Third International Scientific and Practical Conference “Eagles of the Palearctic: Study and Conservation”

Raptors Conservation. Suppl. 2. Proceedings of Conferences

Preliminary Findings into Current State of Breeding Population of Golden Eagle in Armenia

Harutyunyan L.A., Aghadjanyan L.A. (The branch of German Nature Protection Union (NABU) in the Republic of Armenia, Yerevan, Armenia)

Levon Harutyunyan
Lusine Aghadjanyan
Recommended citation: Harutyunyan L.A., Aghadjanyan L.A. Preliminary Findings into Current State of Breeding Population of Golden Eagle in Armenia. – Raptors Conservation. 2023. S2: 17–19. DOI: 10.19074/1814-8654-2023-2-17-19 URL:

The Golden Eagle (Aquila chrysaetos) has one of the largest distributions of all eagles. The subspecies Aquila chrysaetos homeyeri occurs in the Republic of Armenia, country in the South Caucasus region, where it is recognized as a year-round resident and included in the Red Book of Animals of The Republic of Armenia as a “Vulnerable” (VU D1) species. However, in Armenia the state of the species population and abundance has been studied extremely poorly, which makes it difficult to organize its effective conservation without trustworthy data. There is only fragmentary, scattered information about the finds of nest sites or only about the locations where individuals were observed. In the 1990’s, in the South Caucasus, at least 75–100 breeding pairs were known, nevertheless, there is no exact data on Golden Eagles in Armenia. Various estimations were done for the species in the early 2000’s, varying between 20–80 breeding pairs. According to the Red Book of Animals of RA, published in 2010, the population of the Golden Eagle consists of 34–38 breeding pairs.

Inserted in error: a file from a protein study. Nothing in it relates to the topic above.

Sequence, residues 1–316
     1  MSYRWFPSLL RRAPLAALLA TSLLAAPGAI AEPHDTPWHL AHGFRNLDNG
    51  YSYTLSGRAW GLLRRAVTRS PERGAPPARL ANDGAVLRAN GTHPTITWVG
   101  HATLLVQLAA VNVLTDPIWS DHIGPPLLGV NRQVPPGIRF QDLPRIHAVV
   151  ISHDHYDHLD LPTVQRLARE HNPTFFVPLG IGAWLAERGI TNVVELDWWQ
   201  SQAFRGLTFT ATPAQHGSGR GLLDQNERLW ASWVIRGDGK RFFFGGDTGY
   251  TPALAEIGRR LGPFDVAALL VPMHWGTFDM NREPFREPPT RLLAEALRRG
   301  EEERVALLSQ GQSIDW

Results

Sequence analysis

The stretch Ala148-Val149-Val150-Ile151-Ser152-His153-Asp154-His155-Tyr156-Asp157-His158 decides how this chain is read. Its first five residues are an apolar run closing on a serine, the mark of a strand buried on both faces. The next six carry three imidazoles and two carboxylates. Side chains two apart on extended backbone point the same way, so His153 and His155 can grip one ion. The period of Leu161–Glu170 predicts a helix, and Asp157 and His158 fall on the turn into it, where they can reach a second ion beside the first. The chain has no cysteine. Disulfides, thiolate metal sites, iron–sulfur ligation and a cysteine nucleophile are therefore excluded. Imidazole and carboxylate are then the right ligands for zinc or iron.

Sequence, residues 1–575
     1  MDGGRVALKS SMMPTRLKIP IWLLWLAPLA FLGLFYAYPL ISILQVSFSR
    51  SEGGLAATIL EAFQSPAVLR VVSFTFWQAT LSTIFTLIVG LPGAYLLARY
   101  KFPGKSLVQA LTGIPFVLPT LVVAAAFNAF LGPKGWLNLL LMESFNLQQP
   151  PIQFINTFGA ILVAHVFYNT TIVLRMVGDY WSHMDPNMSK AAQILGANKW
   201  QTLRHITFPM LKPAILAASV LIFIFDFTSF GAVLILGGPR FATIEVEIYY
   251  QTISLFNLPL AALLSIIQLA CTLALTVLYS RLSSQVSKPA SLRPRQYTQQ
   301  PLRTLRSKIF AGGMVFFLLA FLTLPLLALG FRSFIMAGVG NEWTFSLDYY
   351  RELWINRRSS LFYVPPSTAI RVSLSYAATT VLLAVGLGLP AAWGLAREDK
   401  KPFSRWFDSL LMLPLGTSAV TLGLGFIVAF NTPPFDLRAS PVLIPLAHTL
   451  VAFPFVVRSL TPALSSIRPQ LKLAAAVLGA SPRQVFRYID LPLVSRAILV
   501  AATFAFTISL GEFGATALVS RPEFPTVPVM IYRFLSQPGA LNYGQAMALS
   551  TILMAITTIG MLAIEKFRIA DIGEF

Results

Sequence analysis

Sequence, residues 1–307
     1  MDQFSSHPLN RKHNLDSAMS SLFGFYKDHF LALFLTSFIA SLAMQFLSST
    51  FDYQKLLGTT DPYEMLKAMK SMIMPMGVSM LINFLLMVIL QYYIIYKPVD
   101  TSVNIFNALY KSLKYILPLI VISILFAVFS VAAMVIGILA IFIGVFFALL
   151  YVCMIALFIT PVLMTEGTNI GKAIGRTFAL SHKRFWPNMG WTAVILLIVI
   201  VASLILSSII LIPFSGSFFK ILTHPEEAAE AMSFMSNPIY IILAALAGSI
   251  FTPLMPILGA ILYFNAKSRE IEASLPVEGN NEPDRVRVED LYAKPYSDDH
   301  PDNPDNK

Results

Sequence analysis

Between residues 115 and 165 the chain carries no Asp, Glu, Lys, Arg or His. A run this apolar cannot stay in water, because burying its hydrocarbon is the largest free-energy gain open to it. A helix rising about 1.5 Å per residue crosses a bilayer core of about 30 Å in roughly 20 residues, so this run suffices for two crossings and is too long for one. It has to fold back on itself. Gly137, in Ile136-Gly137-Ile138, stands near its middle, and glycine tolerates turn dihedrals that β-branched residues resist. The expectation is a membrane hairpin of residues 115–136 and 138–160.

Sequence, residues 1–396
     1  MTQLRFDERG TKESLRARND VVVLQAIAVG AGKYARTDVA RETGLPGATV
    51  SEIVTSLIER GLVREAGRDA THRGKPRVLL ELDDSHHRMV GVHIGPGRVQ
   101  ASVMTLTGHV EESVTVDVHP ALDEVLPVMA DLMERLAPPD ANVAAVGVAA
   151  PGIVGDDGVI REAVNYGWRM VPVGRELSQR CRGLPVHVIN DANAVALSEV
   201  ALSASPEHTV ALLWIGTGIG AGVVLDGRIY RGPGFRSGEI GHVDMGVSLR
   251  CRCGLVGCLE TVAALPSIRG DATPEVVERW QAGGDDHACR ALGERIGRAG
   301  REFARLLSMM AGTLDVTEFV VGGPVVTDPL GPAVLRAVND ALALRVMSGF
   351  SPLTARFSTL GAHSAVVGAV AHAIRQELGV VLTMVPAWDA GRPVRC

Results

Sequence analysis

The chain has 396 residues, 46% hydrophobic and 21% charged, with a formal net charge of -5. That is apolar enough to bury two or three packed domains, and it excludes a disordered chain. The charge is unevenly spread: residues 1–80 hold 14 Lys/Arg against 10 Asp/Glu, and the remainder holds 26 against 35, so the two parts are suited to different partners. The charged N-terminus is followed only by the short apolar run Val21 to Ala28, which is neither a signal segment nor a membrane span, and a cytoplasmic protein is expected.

Additionally, during our recent sporadic field studies of raptor species we did not observe nesting activities in many previously known Golden Eagle breeding territories. Hence, in order to understand the status and to clarify all the uncertainties, in 2023 we began targeted research on the Golden Eagle breeding population in the Republic of Armenia. During the short period, lasting from early March to mid-July, we managed to study most of suitable breeding habitats in Ararat, Vayots dzor, and Lori regions, and parts of Tavush, Kotayq, Shirak, and Aragatsotn regions (seven out of ten regions of RA). Following our study design, we checked known literature data in the field and reported breeding territories, as well as suitable habitats derived from preliminary GIS modelling. In the field we used 20–60×60 spotting scopes, 10×42 binoculars, and drone.

According to preliminary results, during the first year of studies, only four confirmed active nests were located, of which three pairs had successful breeding (three nestlings fledged in the beginning of July), and one nest probably failed. Additionally, one nest was found renovated with green branches, however, birds were not seen in the nest (one adult bird was observed few kilometers away from the breeding territory). Two nests were located in Vayots dzor region, one in Ararat region, and one in Lori region. In addition, 19 non-occupied nests were found, mainly at a large distance from found active nests. Eleven non-occupied nests were found in Vayots dzor region, three in Lori region, two in Kotayk region, two in Ararat region, and finally one in Shirak region. Almost all abandoned nests were located in areas with various extent of anthropogenic activity (roads, pastures, settlements, etc.).

The ongoing project is carried out in the framework of the project “Birds of prey research and conservation” of the branch of German Nature Protection Union (NABU) in the Republic of Armenia.